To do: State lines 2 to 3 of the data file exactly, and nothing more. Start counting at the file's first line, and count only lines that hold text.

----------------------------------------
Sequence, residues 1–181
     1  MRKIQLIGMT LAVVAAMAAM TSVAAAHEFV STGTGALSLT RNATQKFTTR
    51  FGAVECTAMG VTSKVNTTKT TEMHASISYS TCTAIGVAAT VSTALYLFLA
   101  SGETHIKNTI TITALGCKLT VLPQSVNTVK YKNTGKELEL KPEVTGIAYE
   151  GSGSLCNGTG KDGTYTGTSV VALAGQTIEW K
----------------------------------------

     1  MRKIQLIGMT LAVVAAMAAM TSVAAAHEFV STGTGALSLT RNATQKFTTR
    51  FGAVECTAMG VTSKVNTTKT TEMHASISYS TCTAIGVAAT VSTALYLFLA